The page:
The majority held that status as an Aboriginal Australian may be determined by the tripartite test in Mabo v Queensland [No 2] [1992] HCA 23; (1992) 175 CLR 1 at 70 (at [81], [262], [271], [366], [458]). Under the tripartite test membership of the Indigenous people depends on (a) biological descent from the Indigenous people and on mutual recognition of a particular person's membership by (b) that person and (c) by the elders or other persons enjoying traditional authority among those people. However Bell and Edelman JJ appeared open to the possibility that persons could satisfy the Court that they are Aboriginal Australian without fulfilling this test ([80] Bell J; [458] Edelman J).

The majority held that Mr Thoms is an Aboriginal Australian and therefore cannot be subject to the provisions applying to unlawful non-citizens within the meaning of the Migration Act, but Nettle J was not prepared to find that Mr Love fulfilled the tripartite test, holding it necessary for the Federal Court of Australia to find the relevant facts and, on that basis, to determine the matter according to law ([287]-[288]).

The minority of the High Court (Kiefel CJ, Gageler and Keane JJ) in separate judgments held that it is for Parliament to create and define the concept of Australian citizenship and its antonym, alienage ([5] Kiefel CJ; [100] Gageler J; [166], [172] Keane J). Although Parliament could not, simply by giving its own definition of alien, expand its power to include persons who could not possibly answer the description of aliens ([7] Kiefel CJ; [87] Gageler J; [168] Keane J), in their Honour’s opinion this case did not engage the outer limits of the aliens power. Belonging to land is not belonging to the body politic ([32]-[33] Kiefel CJ; [128]-[129] Gageler J; [193]-[195] Keane J).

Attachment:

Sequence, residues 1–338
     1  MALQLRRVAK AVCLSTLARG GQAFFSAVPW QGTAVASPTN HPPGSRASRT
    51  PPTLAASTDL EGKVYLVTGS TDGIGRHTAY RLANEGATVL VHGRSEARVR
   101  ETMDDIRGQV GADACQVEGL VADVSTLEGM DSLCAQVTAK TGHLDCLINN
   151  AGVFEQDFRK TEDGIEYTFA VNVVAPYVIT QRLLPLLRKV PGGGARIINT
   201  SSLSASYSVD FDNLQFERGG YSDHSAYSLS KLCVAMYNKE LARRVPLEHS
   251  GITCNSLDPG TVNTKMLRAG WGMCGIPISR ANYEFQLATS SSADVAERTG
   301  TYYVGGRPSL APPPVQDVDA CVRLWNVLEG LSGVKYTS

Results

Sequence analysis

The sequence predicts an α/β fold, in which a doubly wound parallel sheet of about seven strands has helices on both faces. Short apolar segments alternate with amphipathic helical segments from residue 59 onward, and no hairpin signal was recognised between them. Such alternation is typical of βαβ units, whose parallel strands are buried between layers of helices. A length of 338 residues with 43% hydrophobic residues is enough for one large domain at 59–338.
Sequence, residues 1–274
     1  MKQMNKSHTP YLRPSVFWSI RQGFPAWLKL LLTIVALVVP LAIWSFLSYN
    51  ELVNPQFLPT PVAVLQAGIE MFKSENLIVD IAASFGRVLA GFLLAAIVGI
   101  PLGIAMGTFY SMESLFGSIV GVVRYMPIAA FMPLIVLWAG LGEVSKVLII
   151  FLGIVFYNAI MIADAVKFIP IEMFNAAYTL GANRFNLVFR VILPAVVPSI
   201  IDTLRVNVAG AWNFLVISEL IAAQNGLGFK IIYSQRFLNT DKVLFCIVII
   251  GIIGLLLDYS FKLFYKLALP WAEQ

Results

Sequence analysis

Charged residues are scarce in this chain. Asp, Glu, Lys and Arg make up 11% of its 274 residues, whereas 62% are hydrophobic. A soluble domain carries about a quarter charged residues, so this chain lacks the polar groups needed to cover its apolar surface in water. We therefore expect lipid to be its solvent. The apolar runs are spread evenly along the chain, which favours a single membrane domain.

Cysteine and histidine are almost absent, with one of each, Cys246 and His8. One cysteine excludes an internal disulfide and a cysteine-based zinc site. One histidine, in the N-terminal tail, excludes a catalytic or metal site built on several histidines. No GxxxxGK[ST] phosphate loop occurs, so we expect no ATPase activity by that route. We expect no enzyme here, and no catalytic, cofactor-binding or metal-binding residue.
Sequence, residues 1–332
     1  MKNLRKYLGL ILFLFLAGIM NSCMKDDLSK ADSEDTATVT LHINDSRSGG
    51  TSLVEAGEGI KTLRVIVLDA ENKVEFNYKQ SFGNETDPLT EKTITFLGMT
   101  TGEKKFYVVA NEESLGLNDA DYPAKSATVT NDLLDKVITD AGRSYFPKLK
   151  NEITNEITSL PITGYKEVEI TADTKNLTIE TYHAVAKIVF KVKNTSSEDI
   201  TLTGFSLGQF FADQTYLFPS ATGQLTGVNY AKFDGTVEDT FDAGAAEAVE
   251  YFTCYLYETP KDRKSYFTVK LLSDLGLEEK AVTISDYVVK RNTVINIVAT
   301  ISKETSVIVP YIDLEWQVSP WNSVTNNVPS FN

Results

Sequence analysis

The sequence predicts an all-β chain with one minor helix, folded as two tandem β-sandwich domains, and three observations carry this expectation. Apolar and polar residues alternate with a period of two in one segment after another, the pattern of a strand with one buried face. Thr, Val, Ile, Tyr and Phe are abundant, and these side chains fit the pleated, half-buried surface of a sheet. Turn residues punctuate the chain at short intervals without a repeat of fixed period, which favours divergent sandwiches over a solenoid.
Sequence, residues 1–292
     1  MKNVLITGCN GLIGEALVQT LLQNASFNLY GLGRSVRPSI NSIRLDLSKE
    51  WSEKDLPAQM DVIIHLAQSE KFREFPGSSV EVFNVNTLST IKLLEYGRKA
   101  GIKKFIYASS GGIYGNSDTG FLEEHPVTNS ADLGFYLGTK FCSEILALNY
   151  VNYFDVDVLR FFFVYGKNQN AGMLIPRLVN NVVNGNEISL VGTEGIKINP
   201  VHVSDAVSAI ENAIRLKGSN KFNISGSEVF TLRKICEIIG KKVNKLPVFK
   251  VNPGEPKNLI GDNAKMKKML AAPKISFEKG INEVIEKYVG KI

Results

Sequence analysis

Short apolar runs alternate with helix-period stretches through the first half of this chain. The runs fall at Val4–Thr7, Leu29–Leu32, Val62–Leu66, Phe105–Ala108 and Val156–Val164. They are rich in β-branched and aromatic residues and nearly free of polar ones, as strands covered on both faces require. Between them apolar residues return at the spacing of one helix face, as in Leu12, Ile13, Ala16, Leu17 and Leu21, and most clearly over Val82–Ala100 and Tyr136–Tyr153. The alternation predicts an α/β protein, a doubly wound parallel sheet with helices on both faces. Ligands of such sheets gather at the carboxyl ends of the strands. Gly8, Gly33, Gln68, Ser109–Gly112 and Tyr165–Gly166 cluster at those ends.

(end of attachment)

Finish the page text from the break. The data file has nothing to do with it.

For Kiefel CJ and Keane J, given that the plaintiffs were born outside Australia, are citizens of foreign sovereign countries and have not been naturalised under the Australian Citizenship Act 1948 (Cth) or its predecessor, the plaintiffs were aliens within the meaning of s 51(xix) ([18]-[19] Kiefel CJ; [172] Keane J).

Justice Gageler was unable to accept any of the plaintiff’s arguments in any of its variations ([127]). His Honour said ([130]-[131]):

[the issues raised by this case] fall to be resolved by the Commonwealth Parliament in the outworking of the political processes for which the Constitution makes elaborate provision … Section 51(xix) is not to be read as admitting of the existence of a further category of non-aliens who are non-aliens by force of the Constitution itself, whose status is for that reason and to that extent off-limits to the Parliament, and who are consigned to inhabit a constitutional netherworld in which they are neither citizens, who are full and formal members of the body politic of the Commonwealth of Australia, nor aliens, who are not full and formal members of the body politic of the Commonwealth of Australia.


The case has immediate consequences for the scope of the aliens power and the application of the Migration Act to Aboriginal Australians meeting the tripartite test.

With 7 different judgments it will likely take some time for any broader implications of the case to become apparent.

Text of the decision is available at:


Ebbeck, Genevieve

Senior General Counsel

People, Security and Information
Loughton, Gavin

Senior Executive Lawyer